Looking beyond the pile of vomit on the pavement, the incessant hum of a bad Kylie interpreter and the call for audience participation in singing The Fields of Athenry however, Salou has something to offer. Clean, golden beaches. Proximity to Barcelona. A fantastic theme park within walking distance. Cheap accommodation.

Perhaps our oh-so-middle-class attitude represents no more than an unpleasant and bitter superiority complex. While other people enjoy themselves, we spend our time cringing and as they dance the night away- intoxicated by their home beverages at discount, ‘international’ prices, we stay in and talk about literature.

So, on this our last night, we think ‘Let’s give this place and its people the benefit of the doubt’.

We walk into the foyer and past the reception desk, freezing at the scene before us. At the top of a crowded bar, a loud lady with a microphone faces a captivated audience. Four men stand in a row: they are rivals. ‘WHICH OF THESE MEN IS THE FI-EST, MOST MANLY FELLOW HERE TONIGHT?’, she bellows. This is to be determined by a series of ‘rounds’. Round one sees the four desperate men rush around the room kissing strange women for points. We hold our breath for round two. She pauses and then asks  ‘WHICH MAN CAN COLLECT THE MOST BRAS FROM THE LADIES IN THE AUDIENCE?’.A group of grannies shields their chests in girlish delight as around them, women rip off their undergarments and hand them to their candidate of choice. At the top of the room, as the candidates are lining up to be counted, a little boy plays with the bras his father has collected.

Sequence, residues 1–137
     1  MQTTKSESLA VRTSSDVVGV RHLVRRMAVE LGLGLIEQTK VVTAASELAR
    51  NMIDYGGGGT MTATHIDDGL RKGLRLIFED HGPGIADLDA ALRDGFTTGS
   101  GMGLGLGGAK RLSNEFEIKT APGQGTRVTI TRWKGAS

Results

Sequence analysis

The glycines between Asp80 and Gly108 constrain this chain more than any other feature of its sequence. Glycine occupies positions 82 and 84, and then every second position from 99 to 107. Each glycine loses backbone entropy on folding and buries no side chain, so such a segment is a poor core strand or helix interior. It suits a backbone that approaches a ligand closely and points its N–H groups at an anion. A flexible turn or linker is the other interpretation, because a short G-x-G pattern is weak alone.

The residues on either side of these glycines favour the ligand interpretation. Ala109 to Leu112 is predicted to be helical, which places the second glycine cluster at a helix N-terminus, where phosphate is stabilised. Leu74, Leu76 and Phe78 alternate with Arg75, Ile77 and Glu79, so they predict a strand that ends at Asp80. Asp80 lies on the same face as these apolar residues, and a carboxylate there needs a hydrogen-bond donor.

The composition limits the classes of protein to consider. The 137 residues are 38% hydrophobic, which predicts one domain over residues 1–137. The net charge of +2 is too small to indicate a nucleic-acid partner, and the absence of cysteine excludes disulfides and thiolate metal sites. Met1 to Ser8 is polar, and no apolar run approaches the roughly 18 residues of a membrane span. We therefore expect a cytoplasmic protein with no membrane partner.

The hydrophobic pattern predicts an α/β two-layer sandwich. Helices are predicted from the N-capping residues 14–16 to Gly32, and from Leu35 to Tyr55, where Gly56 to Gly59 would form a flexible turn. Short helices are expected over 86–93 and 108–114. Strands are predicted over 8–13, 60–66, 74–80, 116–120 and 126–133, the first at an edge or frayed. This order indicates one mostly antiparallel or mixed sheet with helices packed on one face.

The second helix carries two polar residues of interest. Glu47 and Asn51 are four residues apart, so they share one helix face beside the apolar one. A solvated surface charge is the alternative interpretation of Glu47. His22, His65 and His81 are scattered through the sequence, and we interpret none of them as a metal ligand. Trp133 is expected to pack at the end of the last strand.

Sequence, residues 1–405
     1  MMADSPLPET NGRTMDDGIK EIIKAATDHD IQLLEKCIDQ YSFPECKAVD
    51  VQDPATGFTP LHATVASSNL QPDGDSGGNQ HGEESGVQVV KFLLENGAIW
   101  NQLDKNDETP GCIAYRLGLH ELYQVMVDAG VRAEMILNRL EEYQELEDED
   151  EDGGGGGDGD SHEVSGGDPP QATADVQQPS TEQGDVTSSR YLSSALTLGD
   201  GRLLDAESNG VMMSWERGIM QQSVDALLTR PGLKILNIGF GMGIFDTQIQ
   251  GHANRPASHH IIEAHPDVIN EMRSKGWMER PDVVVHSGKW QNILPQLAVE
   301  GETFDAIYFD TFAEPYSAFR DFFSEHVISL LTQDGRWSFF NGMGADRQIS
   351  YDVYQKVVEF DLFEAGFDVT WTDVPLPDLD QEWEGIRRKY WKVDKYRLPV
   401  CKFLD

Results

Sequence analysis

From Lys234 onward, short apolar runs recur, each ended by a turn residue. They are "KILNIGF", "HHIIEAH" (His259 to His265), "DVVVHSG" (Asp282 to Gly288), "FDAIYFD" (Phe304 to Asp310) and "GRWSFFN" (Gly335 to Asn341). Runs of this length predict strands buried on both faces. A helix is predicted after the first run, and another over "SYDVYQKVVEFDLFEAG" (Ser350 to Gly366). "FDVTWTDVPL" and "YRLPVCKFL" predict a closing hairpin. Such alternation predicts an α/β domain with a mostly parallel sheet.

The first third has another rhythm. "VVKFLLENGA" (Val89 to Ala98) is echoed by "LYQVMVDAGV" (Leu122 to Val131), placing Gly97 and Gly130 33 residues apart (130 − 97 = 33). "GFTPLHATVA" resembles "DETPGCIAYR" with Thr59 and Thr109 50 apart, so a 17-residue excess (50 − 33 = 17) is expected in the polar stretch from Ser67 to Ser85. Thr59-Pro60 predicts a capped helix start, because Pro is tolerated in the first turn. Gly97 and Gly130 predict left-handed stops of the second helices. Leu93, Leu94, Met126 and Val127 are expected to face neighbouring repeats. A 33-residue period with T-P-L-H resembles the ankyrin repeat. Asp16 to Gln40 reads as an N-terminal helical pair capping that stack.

Before round three, I turn to my boyfriend.  “Maybe we are snobbish and judgemental”, I say as we walk away to pack our bags.

Our Apart-Hotel in Salou